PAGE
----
Indonesian President Joko Widodo, for the first time, has skipped out of attending the International Anticorruption Day event recently, which was organized by the Corruption Eradication Commission (KPK).
The move was regarded by many as intentional because of the recent breakdown of the relationship between the President and the KPK.
The friction began when president Widodo, the government agreed to the revision of the KPK Law, and the recent resignation of several employees as it was perceived to cut the KPK’s authority.
The revision passed into law in September, revised the 2002 bill governing the Corruption Eradication Commission, known by its Indonesian initials, KPK, which states the agency will be overseen by a committee and no longer able to independently wiretap suspects.
Indonesia’s rapid passage of the revision into the law governing its anti-graft body has sparked significant concerns that President Widodo is going soft on fighting the country’s endemic corruption.
Widodo was represented by his Vice President Ma’ruf Amin at the event, evidently showcasing the deteriorating relationship between his government and the current KPK commissioners.
Shortly after the bill was passed, nationwide protests began, during which five were killed and scores injured.
President Widodo formally stressed he would not revoke the amendment to the Corruption Eradication Commission (KPK) Law and would instead accelerate the establishment of a team to supervise the country’s antigraft agency.
Indonesia Anti-corruption history
Indonesia’s anticorruption efforts date back to the early years of the nation in 1945 until the emergence of the KPK in 2004, and have since been sporadic and mostly imbued with political motives that limited their impact.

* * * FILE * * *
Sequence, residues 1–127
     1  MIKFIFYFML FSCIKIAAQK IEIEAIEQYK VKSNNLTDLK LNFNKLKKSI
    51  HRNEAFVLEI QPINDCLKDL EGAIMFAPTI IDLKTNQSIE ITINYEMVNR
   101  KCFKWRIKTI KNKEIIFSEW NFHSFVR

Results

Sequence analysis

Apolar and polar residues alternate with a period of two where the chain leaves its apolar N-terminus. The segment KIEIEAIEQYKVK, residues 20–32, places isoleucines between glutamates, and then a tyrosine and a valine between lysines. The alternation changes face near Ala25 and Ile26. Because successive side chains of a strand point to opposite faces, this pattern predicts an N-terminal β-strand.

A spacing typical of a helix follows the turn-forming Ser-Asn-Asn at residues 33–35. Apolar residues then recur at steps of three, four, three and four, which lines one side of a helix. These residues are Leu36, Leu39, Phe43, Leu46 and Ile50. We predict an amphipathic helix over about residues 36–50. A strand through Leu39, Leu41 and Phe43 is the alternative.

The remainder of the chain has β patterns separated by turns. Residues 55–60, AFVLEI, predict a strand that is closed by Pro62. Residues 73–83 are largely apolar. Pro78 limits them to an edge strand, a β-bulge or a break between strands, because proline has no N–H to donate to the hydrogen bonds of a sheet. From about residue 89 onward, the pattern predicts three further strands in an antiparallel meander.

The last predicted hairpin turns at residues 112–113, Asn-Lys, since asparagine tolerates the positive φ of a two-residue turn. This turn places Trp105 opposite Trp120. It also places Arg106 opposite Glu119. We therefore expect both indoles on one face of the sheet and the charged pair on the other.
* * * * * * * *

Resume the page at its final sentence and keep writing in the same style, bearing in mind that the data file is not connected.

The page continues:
Accordingly, anticorruption drives during the Sukarno and Soeharto eras were limited in number and fractured, since these were politically motivated and were not aligned with the political and economic interests of the political elite.
Notably, after independence, then-vice president Mohammad Hatta, then-prime minister Sutan Sjahrir and his associates were able to bring about parliamentary democracy.
Despite criticism of political instability in the parliamentary era, crucial governance reform measures included military reform and that of the civil service reform, while the judiciary was relatively impartial and clean.
The emergence of the KPK under the reform era was an important milestone that started to change the sense of impunity among high-ranking officials during the presidency of Susilo Bambang Yudhoyono.
The KPK was equipped with a strong mandate and authority, supported by a sophisticated organisation and competent staff. As a result, the KPK was able to prosecute high-ranking officials indiscriminately, as shown by a conviction rate of almost 100 per cent.
Death penalty for graft convict
President Joko Widodo while commemorating International Anticorruption Day, by attending a performance at the SMK 57 public vocational school in Pasar Minggu, South Jakarta, said if the people will see it so, then death penalty could be handed down for graft convicts.
The President explained that the existing law did not stipulate the death sentence for graft suspects, except for those committing corruption in connection with national disaster mitigation.
According to Widodo, the government can initiate a revision of the 2001 law if the people want it. This revision could lead to the enactment of the death penalty for graft crimes.
Article 2, Paragraph 1 of the 2001 Corruption Law stipulates that corruption and self-enrichment offences that cause state losses constitute crimes that are punishable by death if they occur during national disasters.
Despite a global trend pointing toward the abolition of the death penalty, Indonesia is among dozens of countries across the globe that has retained capital punishment, mainly for drug offenses, murder, and terrorism.
Under Jokowi’s administration, Indonesia has executed 18 death row inmates including foreign nationals convicted of drug-related offenses in three batches since 2015, sparking international outcry and calls from human rights activists for the country to scrap the death penalty.